Basic Block and Tackle

Performance Improvement H. James Harrington
“U.S. automakers should concentrate less on lean and more on design quality”

Last year was a landmark for U.S. automakers. Ford Motor Co., the founder of the auto industry in the United States, lost its longstanding second place standing to Toyota Motor Corp., and General Motors Corp. may also bite the dust because Toyota sold more cars in the United States last year than GM did. Chrysler produced thousands of cars that it wasn’t able to sell. In 2000, about two-thirds of all cars purchased in North America were bought from U.S. companies. That figure has now dropped to 54 percent. Detroit sales keep falling while Japanese and Korean auto companies gain ground in the U.S. market. Consumer Reports recommends a much smaller percentage of autos manufactured by U.S. companies than by their Japanese counterparts—37 percent to 80 percent, respectively. “[U.S. companies’] reliability is hit-or-miss,” it states, “not consistent like that of vehicles from some Japanese companies.”

Consumer Reports also quotes Jim Hall, automotive analyst for AutoPacific, who says that “from the 1970s to the 1990s, Detroit’s attention was focused on finance, sales volume, debt repayment, and other factors—everything but customers.” With 70 percent of vehicles’ cost directly related to supplied parts, quality professionals in the U.S. auto industry focused on improving quality in the supplier process. ISO 9001 wasn’t stringent enough for them, so they developed their own standard. But what’s causing U.S. companies to lose market share isn’t incoming quality; rather, it’s outgoing reliability. The problem is neither the suppliers nor the production workers in U.S. plants; it’s automotive design. Some of the most reliable cars in the world roll off assembly lines in the United States with parts supplied by U.S. suppliers. Honda’s Accord, Civic, CR-V, and Odyssey; Hyundai’s Sonata and Infiniti; Mazda’s 6 and Tribute; Mitsubishi’s Galant; Nissan’s Altima, Maxima, Pathfinder, and Titan; Subaru’s Legacy; Toyota’s Camry, Sienna, and Tundra—these cars are all manufactured in the United States. As much as 80 percent of all Toyota Camrys sold in the United States are built in the United States.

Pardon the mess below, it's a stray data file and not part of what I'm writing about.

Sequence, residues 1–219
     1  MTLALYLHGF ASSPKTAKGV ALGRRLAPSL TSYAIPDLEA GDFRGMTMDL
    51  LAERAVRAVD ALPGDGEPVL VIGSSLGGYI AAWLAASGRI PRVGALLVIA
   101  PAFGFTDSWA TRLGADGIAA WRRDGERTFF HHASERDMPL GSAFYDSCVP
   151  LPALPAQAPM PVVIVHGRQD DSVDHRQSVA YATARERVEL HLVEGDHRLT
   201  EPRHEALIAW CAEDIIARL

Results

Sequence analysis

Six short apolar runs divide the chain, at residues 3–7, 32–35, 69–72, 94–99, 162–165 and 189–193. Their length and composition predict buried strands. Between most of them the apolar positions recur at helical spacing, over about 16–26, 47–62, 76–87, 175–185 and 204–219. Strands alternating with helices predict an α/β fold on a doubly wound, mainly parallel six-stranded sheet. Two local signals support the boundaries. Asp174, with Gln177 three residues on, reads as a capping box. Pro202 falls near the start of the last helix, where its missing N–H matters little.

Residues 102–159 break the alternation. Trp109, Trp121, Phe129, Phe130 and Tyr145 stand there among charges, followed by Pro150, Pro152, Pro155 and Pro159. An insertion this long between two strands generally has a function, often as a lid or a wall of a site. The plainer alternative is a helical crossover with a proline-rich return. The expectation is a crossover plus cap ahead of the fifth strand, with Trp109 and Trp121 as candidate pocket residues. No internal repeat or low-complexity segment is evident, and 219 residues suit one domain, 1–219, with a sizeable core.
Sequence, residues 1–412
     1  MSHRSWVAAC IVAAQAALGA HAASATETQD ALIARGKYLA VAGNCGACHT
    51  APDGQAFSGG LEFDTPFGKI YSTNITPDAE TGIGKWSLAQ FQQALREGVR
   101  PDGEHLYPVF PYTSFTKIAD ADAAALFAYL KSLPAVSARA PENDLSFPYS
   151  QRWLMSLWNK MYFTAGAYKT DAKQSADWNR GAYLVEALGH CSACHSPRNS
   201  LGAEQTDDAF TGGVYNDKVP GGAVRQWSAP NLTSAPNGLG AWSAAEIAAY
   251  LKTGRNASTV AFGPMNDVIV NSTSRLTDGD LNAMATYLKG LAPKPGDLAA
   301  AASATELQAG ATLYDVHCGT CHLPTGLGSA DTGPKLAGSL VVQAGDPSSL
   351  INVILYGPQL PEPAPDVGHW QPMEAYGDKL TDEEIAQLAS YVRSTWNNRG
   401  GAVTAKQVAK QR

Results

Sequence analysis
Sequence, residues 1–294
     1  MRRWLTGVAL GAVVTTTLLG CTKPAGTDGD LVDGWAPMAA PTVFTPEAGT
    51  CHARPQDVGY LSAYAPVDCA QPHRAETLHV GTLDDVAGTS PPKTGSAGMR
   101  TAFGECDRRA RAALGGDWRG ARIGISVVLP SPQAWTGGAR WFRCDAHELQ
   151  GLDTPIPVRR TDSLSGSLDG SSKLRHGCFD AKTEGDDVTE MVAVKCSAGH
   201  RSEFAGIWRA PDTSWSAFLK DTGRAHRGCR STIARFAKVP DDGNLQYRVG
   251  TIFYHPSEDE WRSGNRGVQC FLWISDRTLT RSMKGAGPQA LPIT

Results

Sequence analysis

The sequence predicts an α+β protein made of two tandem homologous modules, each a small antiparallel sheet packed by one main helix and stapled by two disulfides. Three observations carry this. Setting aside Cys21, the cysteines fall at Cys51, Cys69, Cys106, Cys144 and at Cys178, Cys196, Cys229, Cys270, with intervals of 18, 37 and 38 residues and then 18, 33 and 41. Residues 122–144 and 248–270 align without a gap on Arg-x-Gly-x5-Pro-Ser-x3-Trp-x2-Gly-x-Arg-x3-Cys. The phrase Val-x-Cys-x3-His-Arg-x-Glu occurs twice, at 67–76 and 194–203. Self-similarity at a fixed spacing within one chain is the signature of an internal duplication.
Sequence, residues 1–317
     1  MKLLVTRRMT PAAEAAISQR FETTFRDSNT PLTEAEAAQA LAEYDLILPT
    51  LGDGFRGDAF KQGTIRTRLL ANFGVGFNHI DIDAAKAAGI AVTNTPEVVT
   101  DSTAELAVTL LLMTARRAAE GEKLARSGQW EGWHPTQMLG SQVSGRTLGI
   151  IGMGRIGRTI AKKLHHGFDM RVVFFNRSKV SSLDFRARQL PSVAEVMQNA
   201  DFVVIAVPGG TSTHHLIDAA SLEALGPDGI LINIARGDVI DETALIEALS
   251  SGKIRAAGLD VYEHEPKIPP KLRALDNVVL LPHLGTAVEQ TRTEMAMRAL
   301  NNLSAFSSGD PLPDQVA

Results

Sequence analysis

Delivered quality is important, but it’s not the main reason that U.S. companies are losing market share. Another culprit sharing the blame is long-term reliability. It’s not the small percentage of bad parts that are found in manufacturing; it’s the good parts that fail before customers are through using them. For instance, I’m unhappy with my Buick Park Avenue. Why? Because the driver’s seat control panel broke off from the seat. My mechanic explained that it broke off because as the springs in the seat wear, you put all of your weight on the panel as you get in and out of the car. He said that to fix it, I’d need to get a new seat. The seat control panel is mounted on the left-hand side of the driver’s seat, and it’s a very large piece of plastic that could have easily been designed to be two to three inches smaller, eliminating the problem.

Why is Toyota winning the market? Because, during a 10-year period, the average Toyota vehicle’s total number of problems are fewer than a four-year old U.S.-brand vehicle. When you compare first-year performance, Japanese and South Korean automakers make the most reliable cars, with 11 problems per 100 vehicles on average. U.S. automakers record 16 problems per 100 cars, and European automakers lag far behind with 19 problems per 100 cars. That’s a fairly close grouping, but look at figure 1 to see what happens over time. After 10 years of operation, Toyota vehicles have 63 problems per 100 vehicles, Ford vehicles have 122 problems per 100 vehicles, and GM and Chrysler vehicles have 160 problems per 100 vehicles.

I’m continually asked what’s going to come after lean, now that Six Sigma is losing favor. Lean won’t correct the problems that the United States is facing. We’re never going to be lean enough to offset low-cost labor markets in the Middle East and Africa. Instead, we need to keep in mind something I learned when playing football. We didn’t have many great players, but we defeated much better teams. Why? Because our coach made us practice basic blocking and tackling until we had it down cold. That’s just what we need to do to get back into the reliability game. Turn our Black Belts into Red Belts—reliability engineers—and learn how to use the tools and approaches set forth in total quality management. Focus on prevention, not on problem solving.

4 thoughts on “Basic Block and Tackle

  1. Great comments Mr H. . The history of some producers suggests they still may lack the desire to focus or maintain “Trusted Relationships” with the buying public (! How Many times does it take before one stops going to a food store that sell bad fish, answere:ONCE!

  2. One would presuppose the current White House Administration doesn’t know this? If they do, they’re hiding it well!

  3. Jim,
    Your thinking is on target. Let me add though that the concept of Lean should be taken into the use of our Quality Tools. Way too often folks are still trying to complete their House of Quality while the product is shipping. Let’s make the Quality Tools simplier and more effective and we will get more into the product as it goes out the door.